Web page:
I liked Transformers: Fall of Cybertron but probably for very different reasons than most people. I’ve never seen the Transformers show. My only knowledge of the franchise comes from the Michael Bay movies, and those take place in a kind of alternate universe. Much of the hype and praise for the High Moon developed Transformers games stems from their attention to detail and canonical link to the original cartoon. So how do they appeal to those with no knowledge of the cartoon? As it turns out, Fall of Cybertron might work best as a standalone story. The less you know about Transformers in general, the more dramatic the game becomes.
Transformers: Fall of Cybertron tells a very somber tale. It’s a story about a civil war fueled by such unrelenting hate that it literally drains the planet of its energy, and even as the world falls apart around them, both sides desperately try to kill each other. What makes it so somber is its willingness to kill off major character on both sides of the conflict.
The arc of the Dinobots is a perfect example of the game’s pessimistic story. They’re a team of rebellious Autobot soldiers who investigate a mysterious energy source and get captured by the Decepticons. They’re subjected to brutal experiments and torture, turning them into something unnatural on this world: dinosaurs. When they break out of their prison, they go on a rampage and hunt down the head scientist of the project that created them, killing him and destroying a tower that they’re on. Unfortunately, this tower powers a portal to another world, and as soon as the portal begins to close, the other Autobots launch an Ark ship into space in a desperate attempt to escape their dying planet. The Dinobots are left behind.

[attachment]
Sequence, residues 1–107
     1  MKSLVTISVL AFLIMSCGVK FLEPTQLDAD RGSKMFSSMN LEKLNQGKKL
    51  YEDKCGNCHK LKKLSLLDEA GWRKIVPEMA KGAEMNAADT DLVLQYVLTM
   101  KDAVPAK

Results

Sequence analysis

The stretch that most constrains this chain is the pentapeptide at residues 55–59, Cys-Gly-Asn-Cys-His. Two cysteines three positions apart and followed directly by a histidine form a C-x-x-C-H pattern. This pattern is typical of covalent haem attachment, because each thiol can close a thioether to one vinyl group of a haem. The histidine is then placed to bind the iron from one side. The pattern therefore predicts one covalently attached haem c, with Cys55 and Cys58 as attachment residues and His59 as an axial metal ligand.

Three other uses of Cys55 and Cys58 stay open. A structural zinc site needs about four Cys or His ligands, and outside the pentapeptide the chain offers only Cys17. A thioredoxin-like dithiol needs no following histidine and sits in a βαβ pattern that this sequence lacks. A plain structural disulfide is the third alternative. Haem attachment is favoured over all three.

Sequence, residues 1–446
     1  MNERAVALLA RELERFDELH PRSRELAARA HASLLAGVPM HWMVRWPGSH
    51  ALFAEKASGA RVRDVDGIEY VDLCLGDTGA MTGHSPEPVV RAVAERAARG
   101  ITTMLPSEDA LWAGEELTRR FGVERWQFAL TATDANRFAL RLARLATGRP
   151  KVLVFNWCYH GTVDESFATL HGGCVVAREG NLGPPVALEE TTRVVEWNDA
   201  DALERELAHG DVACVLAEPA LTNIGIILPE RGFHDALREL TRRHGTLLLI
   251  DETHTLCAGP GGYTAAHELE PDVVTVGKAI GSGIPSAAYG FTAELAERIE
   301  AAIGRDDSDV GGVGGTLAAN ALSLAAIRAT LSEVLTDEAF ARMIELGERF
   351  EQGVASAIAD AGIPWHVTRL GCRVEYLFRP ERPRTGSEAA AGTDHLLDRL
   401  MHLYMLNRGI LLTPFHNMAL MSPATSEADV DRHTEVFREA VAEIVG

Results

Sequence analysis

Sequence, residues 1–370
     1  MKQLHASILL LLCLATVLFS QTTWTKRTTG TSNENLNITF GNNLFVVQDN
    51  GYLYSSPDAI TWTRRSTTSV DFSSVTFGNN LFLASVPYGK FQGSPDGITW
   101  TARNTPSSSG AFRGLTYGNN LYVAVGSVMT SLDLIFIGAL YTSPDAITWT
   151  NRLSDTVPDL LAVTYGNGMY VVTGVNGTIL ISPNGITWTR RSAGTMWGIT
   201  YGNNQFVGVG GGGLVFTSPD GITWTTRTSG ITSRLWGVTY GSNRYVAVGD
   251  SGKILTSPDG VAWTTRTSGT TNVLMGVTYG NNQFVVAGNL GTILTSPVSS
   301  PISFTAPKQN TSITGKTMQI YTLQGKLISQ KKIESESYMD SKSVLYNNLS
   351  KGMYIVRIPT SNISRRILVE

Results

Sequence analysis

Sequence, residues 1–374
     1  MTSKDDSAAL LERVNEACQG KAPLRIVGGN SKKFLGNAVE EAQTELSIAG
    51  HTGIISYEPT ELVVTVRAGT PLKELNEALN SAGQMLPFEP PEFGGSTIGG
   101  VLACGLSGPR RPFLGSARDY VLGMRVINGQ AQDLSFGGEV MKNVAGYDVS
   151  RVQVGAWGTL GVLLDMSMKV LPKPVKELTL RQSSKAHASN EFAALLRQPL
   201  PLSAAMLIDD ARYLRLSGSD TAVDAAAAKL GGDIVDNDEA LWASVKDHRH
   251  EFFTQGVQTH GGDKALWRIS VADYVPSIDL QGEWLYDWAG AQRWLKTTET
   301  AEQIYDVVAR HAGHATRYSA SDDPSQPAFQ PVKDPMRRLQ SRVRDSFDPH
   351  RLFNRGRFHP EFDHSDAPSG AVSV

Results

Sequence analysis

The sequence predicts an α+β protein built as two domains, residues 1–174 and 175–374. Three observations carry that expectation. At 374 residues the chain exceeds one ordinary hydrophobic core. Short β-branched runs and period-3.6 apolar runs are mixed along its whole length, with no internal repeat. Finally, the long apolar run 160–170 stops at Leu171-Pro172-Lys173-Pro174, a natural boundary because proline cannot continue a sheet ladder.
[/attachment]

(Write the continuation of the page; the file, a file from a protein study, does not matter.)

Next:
It’s a tragic arc. The Dinobots are the quintessential grunt in this story. They’re defined by their brute strength, they exist to be weapons, and as such, they’re both indispensable to the war effort and utterly expendable. They cripple the enemy by destroying the Space Bridge (unknowingly crippling their own side as well, an example of how mindless and misguided much of this war is), but then they’re abandoned by their comrades.
Fall of Cybertron shows the toll of war better than any modern military shooter. Its large cast is its greatest asset, allowing the narrative to change its perspective from one side to the other, building characters and showing off the diversity of its cast before killing off a good chunk of it.
As a result, I have come to hate both the Autobots and the Decepticons. Both sides are so eager to hurt each other that they fight even when it works against their common interest. The Space Bridge portal is their only hope for survival as a species, yet the Autobots are willing to destroy it simply because it’s a Decepticon construct. And throughout all this fighting, the characters that I’ve come to like are dying.